A new plan for the area of Chamblee and Doraville that includes the site of the former GM factory calls for a mix of office and retail space, housing, parks and plazas and a new road to connect North Peachtree and Shallowford roads.
The 25-year development plan was drawn up based on community discussions about what should be built in the area, Caleb Racicot, project manager for the team of consultants that drew up the plan for the city of Doraville, told members of the Chamblee Business Association on Jan. 20. The plan was developed as part of Doraville’s Livable Centers Initiative program.
“We’re putting in place a framework,” said Racicot, a senior principal with Tunnell-Spangler-Walsh & Associates, “but all the development will have to be market-based. We’re planning for a project that we really have no control over.”
That is one of the problems facing the planning effort, he said, because the planners believe GM is asking too much for its property. GM, which closed its vehicle-making plant at the site in 2008, owns about 165 acres of the 680-plus-acre LCI area, Racicot said. GM reportedly has sought $60 million for the property.
Development may require that GM’s price can be met by a developer interested in the project, Racicot said.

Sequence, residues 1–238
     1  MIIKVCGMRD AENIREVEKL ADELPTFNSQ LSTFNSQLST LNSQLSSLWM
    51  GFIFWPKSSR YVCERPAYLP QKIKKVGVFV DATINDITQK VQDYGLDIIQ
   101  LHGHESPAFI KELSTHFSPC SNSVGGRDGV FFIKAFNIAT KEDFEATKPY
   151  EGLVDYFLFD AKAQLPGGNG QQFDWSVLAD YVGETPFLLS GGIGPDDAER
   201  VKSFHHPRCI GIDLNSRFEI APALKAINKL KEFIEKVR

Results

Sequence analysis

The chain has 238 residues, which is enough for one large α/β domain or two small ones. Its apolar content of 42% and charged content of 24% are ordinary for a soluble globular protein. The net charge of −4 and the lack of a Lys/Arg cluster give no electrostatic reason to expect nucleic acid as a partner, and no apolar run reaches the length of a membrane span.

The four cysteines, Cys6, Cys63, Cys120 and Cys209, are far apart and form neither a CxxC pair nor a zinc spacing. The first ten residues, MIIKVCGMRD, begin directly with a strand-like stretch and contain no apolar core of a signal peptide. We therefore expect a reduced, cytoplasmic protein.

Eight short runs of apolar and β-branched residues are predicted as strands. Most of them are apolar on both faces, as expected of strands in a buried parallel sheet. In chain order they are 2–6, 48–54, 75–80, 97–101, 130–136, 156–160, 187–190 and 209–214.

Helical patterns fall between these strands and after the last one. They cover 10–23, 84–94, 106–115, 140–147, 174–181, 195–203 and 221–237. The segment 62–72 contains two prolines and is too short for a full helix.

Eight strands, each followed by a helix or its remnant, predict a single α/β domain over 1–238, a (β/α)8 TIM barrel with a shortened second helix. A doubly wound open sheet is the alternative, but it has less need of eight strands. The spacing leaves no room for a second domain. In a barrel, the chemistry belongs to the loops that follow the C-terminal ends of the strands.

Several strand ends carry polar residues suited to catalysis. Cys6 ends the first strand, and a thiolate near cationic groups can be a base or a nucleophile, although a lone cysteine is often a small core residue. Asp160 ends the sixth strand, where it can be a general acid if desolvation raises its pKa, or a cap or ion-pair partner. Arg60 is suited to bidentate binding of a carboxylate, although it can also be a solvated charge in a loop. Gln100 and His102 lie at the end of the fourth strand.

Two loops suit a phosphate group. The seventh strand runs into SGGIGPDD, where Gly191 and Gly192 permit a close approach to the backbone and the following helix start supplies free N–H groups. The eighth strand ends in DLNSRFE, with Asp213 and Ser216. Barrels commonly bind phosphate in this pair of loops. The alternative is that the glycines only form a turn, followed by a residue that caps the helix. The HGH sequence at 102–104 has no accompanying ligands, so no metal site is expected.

A development proposal for the property collapsed last year after DeKalb County officials voted against giving public money to help a Florida developer buy the site.
The draft plan is the second LCI plan developed by the city of Doraville in recent years, according to TSW’s website. The first study, completed in 2005, focused on Buford Highway.
The LCI plan for the GM tract and surrounding area covers about 523 acres in Doraville and 162 acres in Chamblee, Racicot said. The plan will be presented again in a public meeting March 2. “We want to give the councils of both communities a product that has been vetted and gone through the process,” Racicot said.
The planners are proposing a new roadway between North Peachtree and Shallowford roads to better connect the LCI property to surrounding areas. Racicot said the planners considered two alternatives – building a bridge or building a tunnel – to connect the roads.
“The biggest challenge we have is not only what do you see on the GM site, but how do you get there?” Racicot said. “The transformational potential …is really dependent on people being able to walk into MARTA and into downtown Doraville.”
Planners also proposed extending several dead-end streets from Chamblee into the GM site. “Both the residents of Doraville and also the residents of Chamblee should be able to got into the site by biking or walking,” Racicot said.